Located across the highway from the Kota Kinabalu International Airport, the memorial park is sited on the very spot where 176 of the Guerillas were massacred on 21st January 1944. The remaining 131 were sent to labour camps in Labuan. It is believed that only nine survived. In 1948, the remains of the Kinabalu Guerillas who perished in Labuan were brought back in jars and buried next to their heroic comrades. Their return remained a well-kept secret until 1979 when the jars were discovered during the reconstruction of the memorial

Photos by Sabah Tourism Board






In the olden days people from Mindanao usually sailed in search of sea produce for trading purposes. In doing so they also look for new places as well as patrolling the areas which were known to them. One of the Investigating group reached Labuk. They were carried there by the current when the boat did not put up the sail. When they landed at Kuala Beluran they saw a big and strange looking banana tree. They called it “ Sabah”. The people later on returned home to Mindanao telling their chief that they found a new place with a strange “ Sabah” growing in it.

After the event, the prince of the Sultan of Sulu, Datu Badaruddin left batu-batu in the Philippines for the south because Sabah at that time was under the care of the Sultanate of Sulu. Upon his arrival at Labuk, Datu Badaruddin met the Chinese who had settled in the place. These Chinese people came to the place together with Ong Sum Peng.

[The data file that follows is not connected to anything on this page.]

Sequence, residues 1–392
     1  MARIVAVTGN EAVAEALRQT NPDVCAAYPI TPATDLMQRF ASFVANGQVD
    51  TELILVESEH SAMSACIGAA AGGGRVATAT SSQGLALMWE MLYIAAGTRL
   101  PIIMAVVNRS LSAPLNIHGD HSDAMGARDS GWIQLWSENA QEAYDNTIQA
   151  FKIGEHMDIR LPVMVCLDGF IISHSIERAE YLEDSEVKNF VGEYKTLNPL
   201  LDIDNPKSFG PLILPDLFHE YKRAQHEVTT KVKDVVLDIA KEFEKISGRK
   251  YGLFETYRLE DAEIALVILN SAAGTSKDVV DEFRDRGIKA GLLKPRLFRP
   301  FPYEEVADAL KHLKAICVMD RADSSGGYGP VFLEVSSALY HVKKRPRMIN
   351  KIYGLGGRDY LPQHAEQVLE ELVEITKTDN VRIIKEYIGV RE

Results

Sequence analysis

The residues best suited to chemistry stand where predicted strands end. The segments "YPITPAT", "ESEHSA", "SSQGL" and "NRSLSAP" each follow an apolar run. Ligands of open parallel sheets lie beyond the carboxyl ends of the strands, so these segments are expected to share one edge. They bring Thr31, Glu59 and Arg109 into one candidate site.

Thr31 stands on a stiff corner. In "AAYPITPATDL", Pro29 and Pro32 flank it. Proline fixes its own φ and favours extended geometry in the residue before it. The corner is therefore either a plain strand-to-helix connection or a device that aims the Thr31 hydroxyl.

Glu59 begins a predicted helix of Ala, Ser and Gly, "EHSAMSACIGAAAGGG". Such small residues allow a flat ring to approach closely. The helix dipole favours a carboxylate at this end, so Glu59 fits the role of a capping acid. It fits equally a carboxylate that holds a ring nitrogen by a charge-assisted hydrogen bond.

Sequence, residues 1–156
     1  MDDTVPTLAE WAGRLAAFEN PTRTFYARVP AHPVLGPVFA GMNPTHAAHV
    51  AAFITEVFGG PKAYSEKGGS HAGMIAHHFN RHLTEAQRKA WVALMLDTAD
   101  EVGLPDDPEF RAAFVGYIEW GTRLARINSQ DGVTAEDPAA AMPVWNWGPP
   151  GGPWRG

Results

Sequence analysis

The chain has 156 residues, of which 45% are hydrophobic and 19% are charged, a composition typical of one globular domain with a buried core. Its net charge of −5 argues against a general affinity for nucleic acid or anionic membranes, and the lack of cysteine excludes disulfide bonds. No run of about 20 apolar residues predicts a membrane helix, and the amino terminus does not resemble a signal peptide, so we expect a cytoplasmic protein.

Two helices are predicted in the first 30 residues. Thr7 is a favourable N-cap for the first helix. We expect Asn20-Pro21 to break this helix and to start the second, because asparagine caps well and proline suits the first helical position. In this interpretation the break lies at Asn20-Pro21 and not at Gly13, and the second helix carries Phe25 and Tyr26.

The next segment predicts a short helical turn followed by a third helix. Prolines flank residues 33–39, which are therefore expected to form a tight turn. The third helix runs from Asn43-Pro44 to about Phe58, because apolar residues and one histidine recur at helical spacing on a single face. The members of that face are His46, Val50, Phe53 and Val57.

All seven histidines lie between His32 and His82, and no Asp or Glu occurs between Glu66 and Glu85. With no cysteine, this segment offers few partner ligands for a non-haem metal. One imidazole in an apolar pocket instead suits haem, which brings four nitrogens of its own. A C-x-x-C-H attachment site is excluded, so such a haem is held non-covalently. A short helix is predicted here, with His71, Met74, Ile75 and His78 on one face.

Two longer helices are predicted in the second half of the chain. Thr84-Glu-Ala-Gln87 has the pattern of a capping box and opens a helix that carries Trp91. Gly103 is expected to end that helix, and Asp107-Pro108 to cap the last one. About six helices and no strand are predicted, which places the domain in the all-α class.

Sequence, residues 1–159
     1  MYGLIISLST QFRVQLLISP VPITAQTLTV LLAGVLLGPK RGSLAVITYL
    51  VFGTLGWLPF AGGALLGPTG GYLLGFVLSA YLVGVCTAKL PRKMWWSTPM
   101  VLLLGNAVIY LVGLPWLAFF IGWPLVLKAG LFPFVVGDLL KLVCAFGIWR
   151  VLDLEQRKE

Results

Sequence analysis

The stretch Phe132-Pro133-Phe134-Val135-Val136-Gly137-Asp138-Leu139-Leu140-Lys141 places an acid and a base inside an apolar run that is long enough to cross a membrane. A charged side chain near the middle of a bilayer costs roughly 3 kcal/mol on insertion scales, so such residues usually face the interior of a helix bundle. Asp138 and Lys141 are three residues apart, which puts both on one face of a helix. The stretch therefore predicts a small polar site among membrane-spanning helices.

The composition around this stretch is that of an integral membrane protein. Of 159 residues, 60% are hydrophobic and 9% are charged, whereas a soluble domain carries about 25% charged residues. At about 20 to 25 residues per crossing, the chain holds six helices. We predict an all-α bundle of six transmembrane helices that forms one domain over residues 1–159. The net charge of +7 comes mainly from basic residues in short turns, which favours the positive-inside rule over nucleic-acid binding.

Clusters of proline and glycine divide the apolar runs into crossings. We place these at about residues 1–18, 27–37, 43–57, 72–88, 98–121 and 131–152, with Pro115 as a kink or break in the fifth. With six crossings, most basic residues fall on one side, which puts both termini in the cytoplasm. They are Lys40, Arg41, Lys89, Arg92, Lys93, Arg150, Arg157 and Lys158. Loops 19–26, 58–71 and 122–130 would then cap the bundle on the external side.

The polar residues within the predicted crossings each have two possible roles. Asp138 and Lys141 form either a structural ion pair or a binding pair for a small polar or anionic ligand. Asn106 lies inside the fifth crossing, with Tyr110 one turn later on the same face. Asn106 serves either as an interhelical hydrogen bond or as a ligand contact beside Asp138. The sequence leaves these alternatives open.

The son of Badaruddin Datu Kamaruddin, married a Chinese princess in Kinabatangan. Their son Datu Nassaruddin moved over to Telaga, Bengkoka and married Mantaning (Menteleng). They had a son, Datu Harun, Who was the father of Datu Mustapha. This family made the name ‘ Sabah” to be well-known and when Datu Mustapha brought independence to this state through political struggle. North Borneo was officially renamed SABAH.

Until now, Kinabalu’s name is still a mystery. The most popular view derives it from the Kadazan words, Aki Nabalu, meaning ‘the revered place of the dead’. The local Kadazandusuns belief that their spirits dwell on the mountain top. Among the bare rocks of the summit grows a moss which early Kadazandusun guides said provided food for the spirits of their ancestor.